Epilepsy is a disorder in which periodic seizures are caused by abnormal electrical impulses that occur in the brain. In most people, seizures can be controlled with one or more antiepileptic medications, but sometimes after a while these medications stop helping (so-called drug-resistant-epilepsy). People with drug-resistant epilepsy may be prescribed a special diet (the so-called ketogenic diet). Ketogenic diets are high in fat and low in carbohydrates.
The purpose of this review was to study the effects of ketogenic diets on seizure control, cognitive abilities (such as learning, attention, and academic performance in children; learning, attention, and memory in adults), and behavior. We also looked at the side effects of this diet, the number of participants who dropped out of studies, and the reasons for their dropping out.
Characteristics of research
In medical databases, we searched for randomized controlled clinical trials (clinical trials in which people are randomly assigned to one of two or more treatment groups) involving adults or children with epilepsy, in which the ketogenic diet was compared with other treatments. We found 11 randomized controlled clinical trials involving 778 people. The duration of clinical trials ranged from two to 16 months.
Short-term side effects of ketogenic diets included diarrhea, constipation, and vomiting. The long-term effects are not known from these studies.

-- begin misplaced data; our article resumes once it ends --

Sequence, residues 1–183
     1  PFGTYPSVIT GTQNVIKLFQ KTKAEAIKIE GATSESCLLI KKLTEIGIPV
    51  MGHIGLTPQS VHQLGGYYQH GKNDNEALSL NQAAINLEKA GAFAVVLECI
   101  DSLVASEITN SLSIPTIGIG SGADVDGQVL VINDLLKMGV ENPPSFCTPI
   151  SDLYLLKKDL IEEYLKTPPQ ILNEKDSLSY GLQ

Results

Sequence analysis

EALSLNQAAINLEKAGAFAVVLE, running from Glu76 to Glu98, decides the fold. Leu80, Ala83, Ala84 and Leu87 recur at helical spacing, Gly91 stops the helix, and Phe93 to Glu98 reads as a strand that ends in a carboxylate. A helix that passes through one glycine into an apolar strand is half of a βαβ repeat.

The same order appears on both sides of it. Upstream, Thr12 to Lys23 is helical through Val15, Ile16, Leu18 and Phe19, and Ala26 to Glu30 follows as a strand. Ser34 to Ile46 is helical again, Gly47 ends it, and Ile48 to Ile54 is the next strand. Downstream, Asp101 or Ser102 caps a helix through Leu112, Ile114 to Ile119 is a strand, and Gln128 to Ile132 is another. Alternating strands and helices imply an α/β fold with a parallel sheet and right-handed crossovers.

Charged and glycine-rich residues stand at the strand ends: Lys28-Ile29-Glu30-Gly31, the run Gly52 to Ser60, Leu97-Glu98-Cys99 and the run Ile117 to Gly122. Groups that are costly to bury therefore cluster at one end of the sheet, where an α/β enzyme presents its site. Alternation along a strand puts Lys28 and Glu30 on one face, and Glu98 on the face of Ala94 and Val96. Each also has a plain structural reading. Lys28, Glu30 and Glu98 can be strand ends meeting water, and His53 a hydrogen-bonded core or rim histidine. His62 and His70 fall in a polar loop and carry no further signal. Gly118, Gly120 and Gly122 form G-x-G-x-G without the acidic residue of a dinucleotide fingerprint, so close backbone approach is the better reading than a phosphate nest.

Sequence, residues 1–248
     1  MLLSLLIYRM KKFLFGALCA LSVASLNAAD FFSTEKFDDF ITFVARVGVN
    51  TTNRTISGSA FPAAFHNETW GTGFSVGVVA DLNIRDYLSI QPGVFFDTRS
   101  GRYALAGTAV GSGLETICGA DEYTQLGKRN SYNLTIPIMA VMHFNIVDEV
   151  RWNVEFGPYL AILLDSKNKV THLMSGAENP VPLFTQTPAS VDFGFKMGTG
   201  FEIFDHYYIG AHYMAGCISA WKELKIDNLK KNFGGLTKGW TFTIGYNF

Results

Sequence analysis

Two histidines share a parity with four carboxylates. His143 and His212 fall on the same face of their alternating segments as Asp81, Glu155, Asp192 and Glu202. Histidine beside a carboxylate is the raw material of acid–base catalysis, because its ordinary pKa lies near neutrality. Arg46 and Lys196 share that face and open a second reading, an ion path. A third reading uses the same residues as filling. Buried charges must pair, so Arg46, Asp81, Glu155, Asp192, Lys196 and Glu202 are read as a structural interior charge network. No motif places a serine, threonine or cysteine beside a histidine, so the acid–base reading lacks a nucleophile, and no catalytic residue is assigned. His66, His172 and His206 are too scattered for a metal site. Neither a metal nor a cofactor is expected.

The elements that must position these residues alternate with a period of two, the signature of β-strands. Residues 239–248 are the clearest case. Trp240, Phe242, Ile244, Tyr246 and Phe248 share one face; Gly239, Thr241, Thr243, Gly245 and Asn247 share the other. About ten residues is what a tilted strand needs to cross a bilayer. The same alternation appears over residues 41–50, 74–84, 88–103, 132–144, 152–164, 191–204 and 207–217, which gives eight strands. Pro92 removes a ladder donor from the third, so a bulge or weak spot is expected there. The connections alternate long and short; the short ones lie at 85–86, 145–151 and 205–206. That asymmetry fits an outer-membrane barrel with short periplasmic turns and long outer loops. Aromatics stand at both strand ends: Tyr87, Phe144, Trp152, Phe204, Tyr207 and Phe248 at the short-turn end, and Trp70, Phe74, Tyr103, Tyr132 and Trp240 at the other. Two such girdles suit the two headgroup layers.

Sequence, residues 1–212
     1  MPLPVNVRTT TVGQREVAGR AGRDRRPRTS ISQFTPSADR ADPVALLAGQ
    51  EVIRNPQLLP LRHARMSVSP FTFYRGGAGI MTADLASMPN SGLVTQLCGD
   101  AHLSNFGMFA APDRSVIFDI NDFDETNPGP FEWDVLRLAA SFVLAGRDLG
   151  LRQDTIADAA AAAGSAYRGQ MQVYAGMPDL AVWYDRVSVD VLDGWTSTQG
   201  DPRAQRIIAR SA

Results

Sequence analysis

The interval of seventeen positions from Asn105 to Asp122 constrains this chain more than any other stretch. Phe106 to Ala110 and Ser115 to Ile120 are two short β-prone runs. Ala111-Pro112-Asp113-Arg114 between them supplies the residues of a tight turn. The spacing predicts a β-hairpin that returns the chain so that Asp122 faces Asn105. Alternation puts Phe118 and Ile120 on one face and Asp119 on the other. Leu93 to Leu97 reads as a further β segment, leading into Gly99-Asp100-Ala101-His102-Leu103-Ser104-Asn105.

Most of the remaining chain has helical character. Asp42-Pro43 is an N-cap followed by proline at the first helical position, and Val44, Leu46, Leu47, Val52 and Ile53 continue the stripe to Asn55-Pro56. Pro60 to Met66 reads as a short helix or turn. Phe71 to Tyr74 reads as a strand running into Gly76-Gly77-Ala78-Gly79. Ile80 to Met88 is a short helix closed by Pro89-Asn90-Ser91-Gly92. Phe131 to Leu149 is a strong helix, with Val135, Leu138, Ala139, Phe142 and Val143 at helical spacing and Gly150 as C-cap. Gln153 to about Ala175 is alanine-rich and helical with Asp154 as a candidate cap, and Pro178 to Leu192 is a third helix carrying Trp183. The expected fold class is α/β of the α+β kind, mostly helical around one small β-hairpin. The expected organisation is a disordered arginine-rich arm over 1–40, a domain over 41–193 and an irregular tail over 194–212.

All studies reported participants dropping out due to a lack of reduction in seizure attacks and poor diet tolerance.
One study reported the effects of a ketogenic diet on quality of life, cognitive ability, and behavior. There were no differences in the quality of life of those who followed a ketogenic diet and in the group receiving treatment as usual, but participants who followed a ketogenic diet were more active, more productive, and less anxious. Further research is needed in this area.
Recently, other, better-tolerated ketogenic diets, such as the modified Atkins diet, have shown similar effects on seizure control, as have stricter (more restrictive) ketogenic diets. However, more research is needed.
Quality of evidence
The studies included in the review were limited to a small number of participants, and 10 of the 11 studies included only children, so we rated the quality of the evidence as low or very low.
There are currently few studies using these diets in adults, so further research in this area is needed.